A fact that I haven't seen anyone point out?  Did they notice?  I'm not sure.  Because it seems instead they're very, very hyper focused on explaining why it's much more complicated than you think it is. Completely ignoring the Big Thing Going On, the tempo change.

 The reason I'm motivated to write this is because a couple videos just tell you point blank "you're perceiving it wrong".

 Which is effectively the same thing as saying that Led Zeppelin made a mistake!  Everyone that likes the song and that part of the song - you don't even know what you're hearing!  Wait!  You might not like it, or like it better, once you hear X YouTube expert's explanation of how it really is!  You're counting it wrong, the pulse is not what you think it is!

 Here's my expert opinion, for free like their explanation:

  The Dsus4 "fanfare" part comes in a touch late.  Deliberately.  The first time around is 88 bpm in 4/4, deceptively DROPS A BEAT before switching to the C.  It picks up tempo to about 92 bpm.  The C then deceptively goes an EXTRA 16th (perceived by the audience as effectively a "short beat") before going back to the Dsus4 fanfare (now at 92 bpm) which again drops a beat back to C - which this time continues at a faster 96 bpm, and Bonham puts the snare on the & of 2 - which is congruent with where Page put accents on the C, but then gives you beat 4 on the snare; at this point the AUDIENCE has been shifted to the 98 bpm speed.

 Also note the drums go away on the C chord: you can decide to count that however you wish based on the pulse of the strumming (including one guy that wants it to effectively be perceived as reggae...); but it's how the guy walking down the street who knows nothing about time signatures perceives it that actually (pun intended) "counts"!  That Invisible Listener's Foot is where the pulse is.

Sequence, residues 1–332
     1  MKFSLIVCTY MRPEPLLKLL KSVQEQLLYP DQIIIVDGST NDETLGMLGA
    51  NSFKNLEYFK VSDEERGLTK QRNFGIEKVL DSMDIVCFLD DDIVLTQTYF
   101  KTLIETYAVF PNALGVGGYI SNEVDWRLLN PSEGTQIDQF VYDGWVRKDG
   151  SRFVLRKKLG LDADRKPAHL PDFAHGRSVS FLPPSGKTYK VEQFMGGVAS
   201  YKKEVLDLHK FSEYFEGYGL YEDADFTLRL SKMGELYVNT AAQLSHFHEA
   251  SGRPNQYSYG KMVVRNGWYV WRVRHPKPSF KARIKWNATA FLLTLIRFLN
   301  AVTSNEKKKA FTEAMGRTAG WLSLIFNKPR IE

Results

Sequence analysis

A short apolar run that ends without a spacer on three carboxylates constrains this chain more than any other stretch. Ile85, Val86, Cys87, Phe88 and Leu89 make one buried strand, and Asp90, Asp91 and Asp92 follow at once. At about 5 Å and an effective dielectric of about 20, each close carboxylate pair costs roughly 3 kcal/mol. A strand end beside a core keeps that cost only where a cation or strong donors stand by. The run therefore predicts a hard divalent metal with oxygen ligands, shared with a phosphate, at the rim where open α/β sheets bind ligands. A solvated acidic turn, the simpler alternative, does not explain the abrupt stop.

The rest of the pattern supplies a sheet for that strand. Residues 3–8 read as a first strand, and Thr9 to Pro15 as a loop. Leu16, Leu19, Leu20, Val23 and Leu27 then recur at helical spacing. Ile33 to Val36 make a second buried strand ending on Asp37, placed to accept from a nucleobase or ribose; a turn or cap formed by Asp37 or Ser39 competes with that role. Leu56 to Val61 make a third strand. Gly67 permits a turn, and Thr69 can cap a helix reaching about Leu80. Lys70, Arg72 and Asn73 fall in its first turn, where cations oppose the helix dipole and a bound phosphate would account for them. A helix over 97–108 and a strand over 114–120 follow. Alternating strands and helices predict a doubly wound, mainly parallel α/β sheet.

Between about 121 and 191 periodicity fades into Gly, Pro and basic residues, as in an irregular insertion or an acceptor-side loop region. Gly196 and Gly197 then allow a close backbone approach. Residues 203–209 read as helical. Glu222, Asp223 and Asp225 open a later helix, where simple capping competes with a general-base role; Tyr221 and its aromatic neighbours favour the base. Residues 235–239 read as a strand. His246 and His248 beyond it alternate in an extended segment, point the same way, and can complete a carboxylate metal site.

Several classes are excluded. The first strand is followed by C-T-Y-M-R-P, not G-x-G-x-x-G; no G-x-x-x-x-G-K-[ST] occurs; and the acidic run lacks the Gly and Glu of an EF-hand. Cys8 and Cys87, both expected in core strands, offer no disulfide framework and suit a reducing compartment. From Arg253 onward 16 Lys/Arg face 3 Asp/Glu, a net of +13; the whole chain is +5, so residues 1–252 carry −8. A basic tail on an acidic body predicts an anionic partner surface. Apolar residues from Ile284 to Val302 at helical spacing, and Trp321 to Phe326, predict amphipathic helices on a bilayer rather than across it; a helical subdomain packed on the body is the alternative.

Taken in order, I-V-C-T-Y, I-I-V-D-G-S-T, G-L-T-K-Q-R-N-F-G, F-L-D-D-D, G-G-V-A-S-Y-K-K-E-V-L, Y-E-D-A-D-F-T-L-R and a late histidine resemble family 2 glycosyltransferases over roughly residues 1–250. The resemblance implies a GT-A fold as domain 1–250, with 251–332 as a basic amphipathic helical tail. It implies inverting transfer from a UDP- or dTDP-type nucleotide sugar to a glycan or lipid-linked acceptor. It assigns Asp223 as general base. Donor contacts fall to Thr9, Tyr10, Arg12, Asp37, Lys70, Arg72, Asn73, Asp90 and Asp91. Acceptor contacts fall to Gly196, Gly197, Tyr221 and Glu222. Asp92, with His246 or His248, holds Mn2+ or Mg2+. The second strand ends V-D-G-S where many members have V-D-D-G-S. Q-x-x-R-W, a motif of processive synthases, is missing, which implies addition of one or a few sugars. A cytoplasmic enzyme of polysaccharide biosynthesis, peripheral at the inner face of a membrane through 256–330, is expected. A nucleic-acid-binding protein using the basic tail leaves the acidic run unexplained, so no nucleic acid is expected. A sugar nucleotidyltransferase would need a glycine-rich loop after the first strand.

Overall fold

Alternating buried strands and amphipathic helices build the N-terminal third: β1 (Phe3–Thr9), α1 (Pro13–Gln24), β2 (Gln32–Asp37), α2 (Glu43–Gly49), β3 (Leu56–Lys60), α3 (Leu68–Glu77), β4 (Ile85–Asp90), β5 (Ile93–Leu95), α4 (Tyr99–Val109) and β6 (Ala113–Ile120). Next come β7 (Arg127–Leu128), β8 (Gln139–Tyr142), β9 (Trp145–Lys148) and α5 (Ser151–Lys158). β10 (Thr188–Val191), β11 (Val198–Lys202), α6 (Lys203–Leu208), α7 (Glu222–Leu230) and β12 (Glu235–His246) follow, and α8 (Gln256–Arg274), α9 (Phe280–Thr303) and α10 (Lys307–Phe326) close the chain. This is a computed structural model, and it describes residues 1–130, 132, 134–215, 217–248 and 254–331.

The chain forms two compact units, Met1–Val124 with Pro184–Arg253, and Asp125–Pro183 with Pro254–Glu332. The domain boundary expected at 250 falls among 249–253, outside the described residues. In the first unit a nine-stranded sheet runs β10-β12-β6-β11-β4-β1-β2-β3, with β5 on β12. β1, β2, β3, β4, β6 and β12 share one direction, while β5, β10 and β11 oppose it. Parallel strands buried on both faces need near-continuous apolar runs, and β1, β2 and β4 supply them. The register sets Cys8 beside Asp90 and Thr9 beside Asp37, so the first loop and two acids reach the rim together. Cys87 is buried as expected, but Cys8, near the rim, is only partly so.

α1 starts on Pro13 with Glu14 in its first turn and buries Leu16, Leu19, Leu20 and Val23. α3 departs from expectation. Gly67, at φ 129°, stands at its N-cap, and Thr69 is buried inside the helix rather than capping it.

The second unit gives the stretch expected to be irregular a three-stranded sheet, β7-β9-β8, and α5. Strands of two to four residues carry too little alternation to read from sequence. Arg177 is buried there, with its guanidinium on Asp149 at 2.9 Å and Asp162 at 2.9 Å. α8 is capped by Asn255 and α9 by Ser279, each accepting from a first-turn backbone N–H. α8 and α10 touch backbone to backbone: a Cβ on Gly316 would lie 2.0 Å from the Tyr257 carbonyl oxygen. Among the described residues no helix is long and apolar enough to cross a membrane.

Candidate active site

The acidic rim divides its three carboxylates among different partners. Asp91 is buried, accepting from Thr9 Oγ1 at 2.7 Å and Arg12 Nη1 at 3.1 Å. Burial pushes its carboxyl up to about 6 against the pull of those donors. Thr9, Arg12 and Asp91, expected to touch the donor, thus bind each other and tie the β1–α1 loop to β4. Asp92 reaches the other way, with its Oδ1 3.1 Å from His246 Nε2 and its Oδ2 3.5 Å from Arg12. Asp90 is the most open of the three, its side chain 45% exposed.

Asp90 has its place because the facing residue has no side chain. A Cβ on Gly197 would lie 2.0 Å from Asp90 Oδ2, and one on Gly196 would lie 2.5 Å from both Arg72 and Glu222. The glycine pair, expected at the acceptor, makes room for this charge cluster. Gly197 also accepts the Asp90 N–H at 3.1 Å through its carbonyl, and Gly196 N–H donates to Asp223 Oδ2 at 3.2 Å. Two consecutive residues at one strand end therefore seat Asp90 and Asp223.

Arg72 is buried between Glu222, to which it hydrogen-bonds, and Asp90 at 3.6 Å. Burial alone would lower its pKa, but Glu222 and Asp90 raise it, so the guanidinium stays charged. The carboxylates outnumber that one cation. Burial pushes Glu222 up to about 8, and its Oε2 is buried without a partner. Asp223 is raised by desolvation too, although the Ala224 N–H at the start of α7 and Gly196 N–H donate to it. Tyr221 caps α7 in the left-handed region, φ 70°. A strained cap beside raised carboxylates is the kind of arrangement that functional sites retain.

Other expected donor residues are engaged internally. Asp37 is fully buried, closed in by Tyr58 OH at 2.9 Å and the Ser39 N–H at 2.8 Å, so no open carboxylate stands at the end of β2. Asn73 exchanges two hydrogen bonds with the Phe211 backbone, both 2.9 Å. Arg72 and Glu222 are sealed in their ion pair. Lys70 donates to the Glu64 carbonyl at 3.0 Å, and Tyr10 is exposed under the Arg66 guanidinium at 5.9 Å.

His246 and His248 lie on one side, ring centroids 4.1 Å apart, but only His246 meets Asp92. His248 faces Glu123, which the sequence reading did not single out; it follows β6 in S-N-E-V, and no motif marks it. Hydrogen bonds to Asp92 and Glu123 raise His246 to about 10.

But feel free to hear it as reggae, or some sort of odd West African poly rhythm if that's your fancy.  In reality, NOBODY who isn't a musician COUNTS when listening to music.  Nor do most good rock musicians unless something is really amiss.


 "Deliberately".  I've seen a video where someone insists it's a mistake.  Most all ignore that there are ebbs and flows timing wise - which is the essence of John Bonham's feel. There are people who will insist music that isn't perfectly gridded - perfectly on beat - is therefore "wrong".  This is an edict invented by people who don't want to make a judgement call on the reality that some music pushes the beat, some drags the beat, sometimes a mix.  Or least it was until the computer recording era came along.

 "Deceptively".  It is an artistic decision to make this part feel like something happened different,  and was abrupt.  They want to disturb the AUDIENCES inner metronome.  The effect of the sensation of being abrupt, something happened "early" is what is wanted.

 This is why I say it's not a time signature change!  If you're perceiving a different time signature then you KNOW there is going to be a missing or added beat.  The fanfare is 2 measures in the song, the first of which went (deceptively ) as expected for 4 beats, the second time dropping beat is NOT "dood, a measure of 5/4".  It's NOT a big measure of 7 (the rhythmic pattern REPEATS TWICE).

 It's very simple: they DROP A BEAT.  There is a difference: in an odd time you expect a beat to go away or return. You know it's an "odd time signature" - that's the point.  I would guess that people accustomed to the odd time of the Zeppelin songs "Black Dog", "Four Sticks" and "The Ocean" want this to conform to that creative notion.  It's not, it is deliberate musical deception!  And "in ye olde days" music as an art form wasn't that coarse; it would have been crass to have Yet Another Odd Time Signature with The Drummer Playing Across the Bar/Backwards/Poly/Syncopated.

 Because they've thrown the AUDIENCE off kilter they can sneak the tempo up a bit.  Which I claim was the point.